9. #29
    ziyter
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    Originally posted by Knighthunter

    This how I justify my DSLR depreciation:
    Shooting with 35mm film:
    Film cost: $6 (averaging) 36exp
    Processing and Printing: 40c/print
    Total cost per roll: $20.40
    In one year if my DSLR depreciated by 1k at least I must shoot 1765 exposure to justify the cost. But now less than one month I already got more than 1k shoots........
    See the difference?
    Just my rough calculation
    Actually in the accountability sense for a business man or maybe a photgraphy pro, this depreciation calculation method is reasonable in that the pro would want to match the revenue earned with the capital expenditure of the asset realised( depreciation) to conclude at a difference which is the profit or loss.

    However for a amatuer, the accounting prudence method of matching expense with revenue may not be totally relevant here.

    In a comparison,the relevant cost method should be used in that whatever cost already incurred before the evaluation stage should be irrelevant.
    If u got no cam, wana decide between film or digi, then cost of digi will be matched against cost of film cam with film developing cost included.
    If got a film oredi wana decide to buy a DSLR, then relevant cost will be the cost of DSLR and film cost,etc. Think a heavy shooters will certainly benefit from a DSLR in long term

    All this method of calculation take only quantitative benefits and did not take into consideration of qualitative benefits.

    Well ..... not trying to promote any accounting method or theory, just maybe highlight some ways of measuring our needs. Hope it will be useful for people here.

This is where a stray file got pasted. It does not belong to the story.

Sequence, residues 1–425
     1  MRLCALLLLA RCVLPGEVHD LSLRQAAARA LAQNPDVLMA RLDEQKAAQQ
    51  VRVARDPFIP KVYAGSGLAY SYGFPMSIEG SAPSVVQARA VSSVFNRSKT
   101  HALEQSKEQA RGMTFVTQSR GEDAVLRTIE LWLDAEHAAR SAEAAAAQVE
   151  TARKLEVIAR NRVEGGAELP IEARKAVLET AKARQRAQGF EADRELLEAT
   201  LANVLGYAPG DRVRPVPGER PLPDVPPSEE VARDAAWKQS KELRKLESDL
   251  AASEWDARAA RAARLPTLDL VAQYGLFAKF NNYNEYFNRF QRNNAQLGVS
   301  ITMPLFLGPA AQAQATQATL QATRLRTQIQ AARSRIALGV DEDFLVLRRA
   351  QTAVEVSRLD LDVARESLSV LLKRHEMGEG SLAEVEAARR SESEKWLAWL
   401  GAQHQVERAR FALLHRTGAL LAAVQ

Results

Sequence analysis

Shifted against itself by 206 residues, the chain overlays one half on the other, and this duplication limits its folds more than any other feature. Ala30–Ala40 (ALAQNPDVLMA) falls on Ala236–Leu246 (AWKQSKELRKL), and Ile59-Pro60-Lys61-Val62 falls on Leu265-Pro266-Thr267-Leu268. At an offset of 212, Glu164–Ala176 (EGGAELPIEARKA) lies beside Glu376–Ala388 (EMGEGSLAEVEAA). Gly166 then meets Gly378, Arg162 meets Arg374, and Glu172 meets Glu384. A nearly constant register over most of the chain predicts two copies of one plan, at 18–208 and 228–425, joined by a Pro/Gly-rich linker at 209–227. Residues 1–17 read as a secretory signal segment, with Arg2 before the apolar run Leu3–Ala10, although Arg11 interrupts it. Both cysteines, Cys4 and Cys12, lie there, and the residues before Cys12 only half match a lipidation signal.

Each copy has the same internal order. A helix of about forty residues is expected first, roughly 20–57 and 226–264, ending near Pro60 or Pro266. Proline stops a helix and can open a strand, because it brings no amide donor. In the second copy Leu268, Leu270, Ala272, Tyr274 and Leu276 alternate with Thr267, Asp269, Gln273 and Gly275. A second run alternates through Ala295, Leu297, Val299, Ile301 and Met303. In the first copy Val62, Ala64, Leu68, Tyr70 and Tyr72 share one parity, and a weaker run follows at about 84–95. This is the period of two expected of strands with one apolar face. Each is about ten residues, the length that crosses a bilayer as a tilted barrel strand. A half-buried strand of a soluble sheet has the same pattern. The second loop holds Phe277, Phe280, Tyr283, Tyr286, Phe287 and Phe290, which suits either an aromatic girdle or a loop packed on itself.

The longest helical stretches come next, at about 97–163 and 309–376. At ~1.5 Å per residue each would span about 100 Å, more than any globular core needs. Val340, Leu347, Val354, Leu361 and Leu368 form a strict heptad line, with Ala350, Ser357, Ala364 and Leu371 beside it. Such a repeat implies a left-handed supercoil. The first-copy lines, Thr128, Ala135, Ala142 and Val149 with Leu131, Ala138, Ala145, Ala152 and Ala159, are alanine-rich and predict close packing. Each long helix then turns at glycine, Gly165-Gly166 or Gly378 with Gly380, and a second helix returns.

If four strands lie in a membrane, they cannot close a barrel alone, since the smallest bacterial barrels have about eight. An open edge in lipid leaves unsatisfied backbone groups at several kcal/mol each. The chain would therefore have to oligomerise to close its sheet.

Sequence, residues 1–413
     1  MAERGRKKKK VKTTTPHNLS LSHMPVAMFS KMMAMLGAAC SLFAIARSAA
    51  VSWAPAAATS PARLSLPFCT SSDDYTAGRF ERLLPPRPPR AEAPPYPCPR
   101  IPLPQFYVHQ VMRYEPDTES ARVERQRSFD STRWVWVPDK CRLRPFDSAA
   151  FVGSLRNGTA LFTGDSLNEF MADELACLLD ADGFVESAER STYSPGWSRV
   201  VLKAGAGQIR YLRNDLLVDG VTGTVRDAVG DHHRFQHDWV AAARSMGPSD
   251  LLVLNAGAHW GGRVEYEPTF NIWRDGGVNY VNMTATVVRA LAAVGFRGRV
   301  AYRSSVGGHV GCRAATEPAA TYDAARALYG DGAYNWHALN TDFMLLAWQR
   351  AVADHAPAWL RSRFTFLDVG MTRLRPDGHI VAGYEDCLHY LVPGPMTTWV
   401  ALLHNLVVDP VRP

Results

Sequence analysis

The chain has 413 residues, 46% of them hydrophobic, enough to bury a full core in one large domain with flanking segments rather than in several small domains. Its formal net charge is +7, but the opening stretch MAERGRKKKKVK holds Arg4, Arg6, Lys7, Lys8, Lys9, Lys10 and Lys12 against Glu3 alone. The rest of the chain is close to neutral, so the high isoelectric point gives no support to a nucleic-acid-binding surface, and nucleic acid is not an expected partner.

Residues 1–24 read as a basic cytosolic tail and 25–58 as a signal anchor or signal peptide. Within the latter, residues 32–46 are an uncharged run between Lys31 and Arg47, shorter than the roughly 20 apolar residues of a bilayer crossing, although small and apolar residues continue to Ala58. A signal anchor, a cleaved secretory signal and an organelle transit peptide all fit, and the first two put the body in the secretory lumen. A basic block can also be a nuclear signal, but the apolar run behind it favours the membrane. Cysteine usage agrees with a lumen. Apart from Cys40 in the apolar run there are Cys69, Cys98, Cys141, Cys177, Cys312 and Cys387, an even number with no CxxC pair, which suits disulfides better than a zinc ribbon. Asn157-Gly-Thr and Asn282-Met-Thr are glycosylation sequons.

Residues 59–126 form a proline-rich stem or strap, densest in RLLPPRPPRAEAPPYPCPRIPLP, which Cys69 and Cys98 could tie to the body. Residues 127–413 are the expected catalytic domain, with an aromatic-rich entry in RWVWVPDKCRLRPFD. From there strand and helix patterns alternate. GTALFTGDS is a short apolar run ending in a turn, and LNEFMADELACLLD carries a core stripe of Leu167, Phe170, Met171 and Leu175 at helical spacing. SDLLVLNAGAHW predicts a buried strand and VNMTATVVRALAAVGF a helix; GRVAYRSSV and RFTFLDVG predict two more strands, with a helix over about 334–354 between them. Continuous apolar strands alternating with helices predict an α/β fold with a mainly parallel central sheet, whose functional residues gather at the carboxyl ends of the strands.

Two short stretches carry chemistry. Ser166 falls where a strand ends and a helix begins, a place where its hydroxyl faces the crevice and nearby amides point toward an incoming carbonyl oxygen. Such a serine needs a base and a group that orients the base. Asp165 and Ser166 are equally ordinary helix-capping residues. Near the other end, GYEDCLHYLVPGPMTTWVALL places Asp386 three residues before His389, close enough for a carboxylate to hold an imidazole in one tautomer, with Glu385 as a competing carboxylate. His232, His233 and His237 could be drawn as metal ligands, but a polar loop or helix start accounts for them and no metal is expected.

Also no intention to criticise KnightHunter's personal calculations :P

    Just my 1 cents view.

  10. #30
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    Originally posted by ziyter



    Also no intention to criticise KnightHunter's personal calculations :P

    Just my 1 cents view.
    It's okay...it's just rough calculation comparision between running cost, I never compared the capital cost
    I believe you are accountant.........
    W204FL

  11. #31
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    not sure, but are u working with the cam? if not why not use the money for something else?
    "I'm... dreaming... of a wide... angle~
    Just like the ones I used to know~"

  12. #32
    ziyter
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    Originally posted by Knighthunter


    It's okay...it's just rough calculation comparision between running cost, I never compared the capital cost
    I believe you are accountant.........
    Hahaha .... well .... you are half rite , I study accountancy but no where near an accountant post. I am in the civil service instead and nowhere near the job of accountant :P

    Regards